This January, the Civic District, where modern Singapore started, invites you to embark on experiential journeys to gain deeper insights into who we are and the world around us. Spearheaded by National Gallery Singapore together with its precinct partners, Light to Night Festival returns for its third year with a bumper edition across an extended six weeks from 18 January to 24 February. With close to 50 programmes, the Festival promises to immerse you in an adventure filled with thought- provoking art and historical encounters from day to night.
Responding to the theme Traces and Echoes, you are invited to go beyond the role of a visual spectator to one who interprets art and history with their five senses. This Festival experience spans two unique editions. The first, as a marquee event of Singapore Art Week (18 to 27 January), presents works of art inspired by personal stories and memories. The second kickstarts the Singapore Bicentennial commemoration (28 January to 24 February) by inviting site-specific responses and reflections from artists, writers, performers who reimagine our past and offer fresh perspectives on significant historical moments in the last 700 years.
Kickstarting with art encounters that activate all five senses during Singapore Art Week
For the first two weekends of the Festival, you can expect your five senses to be delighted by the installations and programmes within and around National Gallery Singapore, The Arts House, Victoria Theatre and Victoria Concert Hall, Asian Civilisations Museum (ACM) and Esplanade Park.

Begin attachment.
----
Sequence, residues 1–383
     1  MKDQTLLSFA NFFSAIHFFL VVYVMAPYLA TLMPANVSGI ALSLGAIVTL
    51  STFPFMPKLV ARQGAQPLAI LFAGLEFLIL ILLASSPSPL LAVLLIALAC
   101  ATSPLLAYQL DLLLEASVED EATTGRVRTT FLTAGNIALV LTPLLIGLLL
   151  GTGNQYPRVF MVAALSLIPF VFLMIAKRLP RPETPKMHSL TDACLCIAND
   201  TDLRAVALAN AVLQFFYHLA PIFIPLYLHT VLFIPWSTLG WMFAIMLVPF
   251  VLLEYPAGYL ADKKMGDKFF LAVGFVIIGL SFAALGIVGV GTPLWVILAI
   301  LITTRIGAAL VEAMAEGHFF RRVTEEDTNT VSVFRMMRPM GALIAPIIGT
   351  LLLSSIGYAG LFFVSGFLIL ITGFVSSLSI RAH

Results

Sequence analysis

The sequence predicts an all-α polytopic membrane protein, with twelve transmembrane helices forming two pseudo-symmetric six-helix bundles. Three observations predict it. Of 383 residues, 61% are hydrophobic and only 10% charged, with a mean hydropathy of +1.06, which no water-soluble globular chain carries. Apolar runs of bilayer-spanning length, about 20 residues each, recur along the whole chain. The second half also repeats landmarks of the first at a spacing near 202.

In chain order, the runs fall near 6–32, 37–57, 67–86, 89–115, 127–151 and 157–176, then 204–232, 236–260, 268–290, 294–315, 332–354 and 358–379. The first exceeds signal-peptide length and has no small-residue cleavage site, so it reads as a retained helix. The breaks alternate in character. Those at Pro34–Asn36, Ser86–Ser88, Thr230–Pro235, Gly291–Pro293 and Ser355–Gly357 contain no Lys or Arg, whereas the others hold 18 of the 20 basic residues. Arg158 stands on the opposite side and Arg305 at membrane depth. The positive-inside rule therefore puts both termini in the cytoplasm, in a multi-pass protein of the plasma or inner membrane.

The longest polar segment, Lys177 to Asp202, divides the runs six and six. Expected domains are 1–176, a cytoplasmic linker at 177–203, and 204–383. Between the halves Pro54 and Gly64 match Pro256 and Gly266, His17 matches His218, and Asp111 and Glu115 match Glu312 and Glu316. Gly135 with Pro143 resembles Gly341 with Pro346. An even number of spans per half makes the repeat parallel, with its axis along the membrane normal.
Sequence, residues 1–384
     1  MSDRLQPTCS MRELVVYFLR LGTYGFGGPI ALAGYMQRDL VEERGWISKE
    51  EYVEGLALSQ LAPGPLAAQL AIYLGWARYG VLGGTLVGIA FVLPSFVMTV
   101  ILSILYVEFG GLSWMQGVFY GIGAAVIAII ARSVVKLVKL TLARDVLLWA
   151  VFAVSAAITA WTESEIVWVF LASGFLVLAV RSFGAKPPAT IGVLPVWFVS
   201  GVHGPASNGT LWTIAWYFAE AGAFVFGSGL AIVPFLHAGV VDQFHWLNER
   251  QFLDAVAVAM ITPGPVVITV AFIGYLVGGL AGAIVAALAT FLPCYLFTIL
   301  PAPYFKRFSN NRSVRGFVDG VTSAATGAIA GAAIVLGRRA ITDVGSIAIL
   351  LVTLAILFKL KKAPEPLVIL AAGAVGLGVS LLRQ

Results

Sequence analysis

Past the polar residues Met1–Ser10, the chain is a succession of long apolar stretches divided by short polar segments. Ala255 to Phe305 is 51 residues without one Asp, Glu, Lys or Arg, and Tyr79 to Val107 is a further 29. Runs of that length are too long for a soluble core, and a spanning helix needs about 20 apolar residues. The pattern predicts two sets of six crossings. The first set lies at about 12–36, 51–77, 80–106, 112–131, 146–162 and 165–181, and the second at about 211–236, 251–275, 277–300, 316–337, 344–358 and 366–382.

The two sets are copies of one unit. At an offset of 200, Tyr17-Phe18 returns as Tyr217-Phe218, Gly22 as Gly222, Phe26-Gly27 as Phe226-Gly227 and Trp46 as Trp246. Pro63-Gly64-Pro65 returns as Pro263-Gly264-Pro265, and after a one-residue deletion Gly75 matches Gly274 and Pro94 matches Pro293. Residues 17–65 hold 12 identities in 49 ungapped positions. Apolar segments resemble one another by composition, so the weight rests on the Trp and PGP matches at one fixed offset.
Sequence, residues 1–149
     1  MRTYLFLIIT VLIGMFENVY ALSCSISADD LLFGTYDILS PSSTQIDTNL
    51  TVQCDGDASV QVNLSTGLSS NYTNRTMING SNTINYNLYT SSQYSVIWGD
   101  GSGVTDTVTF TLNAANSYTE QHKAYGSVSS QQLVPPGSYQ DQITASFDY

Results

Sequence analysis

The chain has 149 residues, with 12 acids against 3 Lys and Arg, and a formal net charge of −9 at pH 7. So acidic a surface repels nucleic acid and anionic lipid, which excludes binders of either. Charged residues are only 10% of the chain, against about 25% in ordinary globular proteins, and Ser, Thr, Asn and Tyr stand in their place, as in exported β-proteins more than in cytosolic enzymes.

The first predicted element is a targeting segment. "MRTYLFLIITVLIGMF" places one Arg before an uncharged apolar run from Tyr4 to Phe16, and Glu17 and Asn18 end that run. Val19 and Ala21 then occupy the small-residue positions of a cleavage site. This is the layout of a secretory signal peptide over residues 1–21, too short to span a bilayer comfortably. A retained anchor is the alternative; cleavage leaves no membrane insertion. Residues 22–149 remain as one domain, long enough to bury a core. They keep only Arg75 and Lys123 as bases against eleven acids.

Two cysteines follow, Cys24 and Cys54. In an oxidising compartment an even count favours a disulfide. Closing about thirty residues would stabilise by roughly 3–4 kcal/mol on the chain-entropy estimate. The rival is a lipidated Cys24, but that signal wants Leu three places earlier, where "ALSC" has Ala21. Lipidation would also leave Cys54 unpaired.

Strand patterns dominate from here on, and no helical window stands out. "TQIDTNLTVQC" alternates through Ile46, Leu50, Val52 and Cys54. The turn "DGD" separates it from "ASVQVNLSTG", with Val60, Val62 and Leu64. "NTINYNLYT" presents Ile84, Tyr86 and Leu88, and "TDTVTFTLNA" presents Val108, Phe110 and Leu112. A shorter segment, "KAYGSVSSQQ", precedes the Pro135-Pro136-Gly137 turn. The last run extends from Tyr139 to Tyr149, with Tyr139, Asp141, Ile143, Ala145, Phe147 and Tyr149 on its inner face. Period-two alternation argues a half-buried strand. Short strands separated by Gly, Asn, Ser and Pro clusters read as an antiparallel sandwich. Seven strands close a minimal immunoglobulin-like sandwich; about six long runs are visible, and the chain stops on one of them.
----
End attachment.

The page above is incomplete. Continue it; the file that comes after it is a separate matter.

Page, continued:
The biggest façade light show in Singapore, Art Skins on Monuments, will return with a new commission, The Odyssey. It is based on an original storyline co-developed with Brandon Tay and Safuan Johari, together with multimedia illustrations and digital content by 14 other artists. Viewers will follow the artistic voyage of an Explorer who traverses across seven façades of cultural institutions and sojourns the worlds of duality in search of his identity. At the same time, his experience inspires the audience to gain a deeper understanding of self.
You can also be immersed in this journey by activating an interactive wall using sound and movement at the Gallery’s Padang Atrium.
Sensorial Trail, a commissioned series of intimate art encounters with smell, sound and touch, will challenge new forms of sensory relationships at National Gallery Singapore. Internationally-renowned scent researcher and artist Sissel Tolaas seeks to highlight the power of smell in revealing one’s unique identity, alike fingerprints, through a new scentscape eau d’you Who Am I, reminiscent of the youth of Singapore.
This investigation of a collective scent belonging to a population segment is unlocked through the heat emitted when one touches the wall surfaces. Singapore composer-musician Andy Chia invites visitors to discover connections between the sounds heard and the corresponding images triggered with his two-part installation Voices of Time.
Participants will encounter a variety of natural and digitally-composed soundscapes that seem similar to each other, thus blurring reality and fiction. At the same time, visitor-created music compositions will also come to life as wall visuals.